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Arts and Entertainment

Monthly Compline Service Offers a Half Hour of Contemplative Music

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(Photo courtesy St. John's Episcopal Church)
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St. John's Episcopal Church, 515 E. Division Street, presents a "Sung Compline Service" the third Sunday of the month at 9:00pm. The next service is this Sunday Oct. 17.  "Compline [COM-plin]," or "Prayers at the End of the Day," according to Father David Kendrick, is "the last of the seven prayer services that are recited (every day) by monks and nuns, and have been for centuries--as long as there's been a Christian church.  The word 'compline' actually shares the same Latin root as 'complete,' so it's the last service of the day.  And so it provides kind of a completion for the day, to bring together all the things that have happened in your day and to let go of them and let God have them.  There's a Compline Service in the Episcopal Book of Common Prayer, and as you can imagine there's music that has been used for Compline for nearly 2000 years."  It's meant to be recited, or sung, in candlelight or near-darkness.

St. John's actually began holding monthly Compline services a year ago this month.  After a summer break they started up again in September.

The Compline service has seen a resurgence in recent years in urban centers around the country as a way of filling the gap between those who worship on Sunday and those who don't--and those who just like good music.  The modern resurgence seems to have started at St. Mark's Cathedral in Seattle, Washington, according to Father Kendrick. "They are able to do them every Sunday, and I would love to be able to do it every Sunday as a way for people to just end that Sunday and begin their new week in peace.  (The service) runs about a half hour.  There is no Communion--this is a service where you don't have to 'participate' per se. You can just come and listen and luxuriate in the beautiful music.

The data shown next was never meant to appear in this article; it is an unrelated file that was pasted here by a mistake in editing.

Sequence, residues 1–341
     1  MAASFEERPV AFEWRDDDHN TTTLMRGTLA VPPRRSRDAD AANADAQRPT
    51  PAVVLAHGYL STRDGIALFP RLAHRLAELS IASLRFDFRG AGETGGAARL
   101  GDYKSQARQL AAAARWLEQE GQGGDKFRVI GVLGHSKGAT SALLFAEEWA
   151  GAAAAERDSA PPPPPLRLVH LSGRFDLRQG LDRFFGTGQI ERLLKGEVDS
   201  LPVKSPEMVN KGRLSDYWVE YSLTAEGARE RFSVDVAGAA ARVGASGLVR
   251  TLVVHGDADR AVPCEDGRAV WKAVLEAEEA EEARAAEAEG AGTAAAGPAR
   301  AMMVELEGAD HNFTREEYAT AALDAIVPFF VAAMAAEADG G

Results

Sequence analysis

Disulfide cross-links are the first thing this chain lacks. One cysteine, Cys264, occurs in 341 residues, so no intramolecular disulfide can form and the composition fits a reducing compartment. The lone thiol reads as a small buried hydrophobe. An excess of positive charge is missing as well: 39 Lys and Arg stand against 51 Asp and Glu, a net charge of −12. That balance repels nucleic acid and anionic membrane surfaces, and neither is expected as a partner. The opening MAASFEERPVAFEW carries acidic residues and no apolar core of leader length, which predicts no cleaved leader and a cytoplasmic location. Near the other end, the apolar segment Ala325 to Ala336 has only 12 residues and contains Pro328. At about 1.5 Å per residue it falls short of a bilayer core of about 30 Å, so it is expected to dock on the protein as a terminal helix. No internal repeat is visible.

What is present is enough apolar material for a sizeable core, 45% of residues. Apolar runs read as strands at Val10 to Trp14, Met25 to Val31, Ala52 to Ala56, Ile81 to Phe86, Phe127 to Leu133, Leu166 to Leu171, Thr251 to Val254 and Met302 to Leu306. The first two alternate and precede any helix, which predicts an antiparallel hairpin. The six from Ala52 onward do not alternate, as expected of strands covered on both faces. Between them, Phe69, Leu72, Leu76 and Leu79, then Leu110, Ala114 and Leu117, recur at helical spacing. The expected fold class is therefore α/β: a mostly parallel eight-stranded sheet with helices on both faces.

"We have a great choir--it's called the Compline Choir of Springfield.  It's made up of ten men, all volunteers.  Some of them are music students at MSU, and some are members of the Springfield Chamber Chorus. They have gotten together with our Music Director Kevin Grice, and this past month we actually premiered a whole new setting written by Katie Kring, a well-known composer here in Springfield. She's written a great musical about the 'lost cobras of Springfield.' But she is also drawn to this music, and she wrote a whole new setting that combines ancient chant and a little bit of jazz.

"You know," says Reverend Kendrick, "I think we're all looking for what T.S. Eliot called "a still point" in a chaotic world.  And I think Compline can be a way for people to find that still point."  The church sanctuary can seat up to 120, and Rev. Kendrick calls it a "very peaceful service with some beautiful music." For more information visit http://www.stjohnsspringfield.diowestmo.org/music.html or call St.John's Episcopal Church at 869-6351.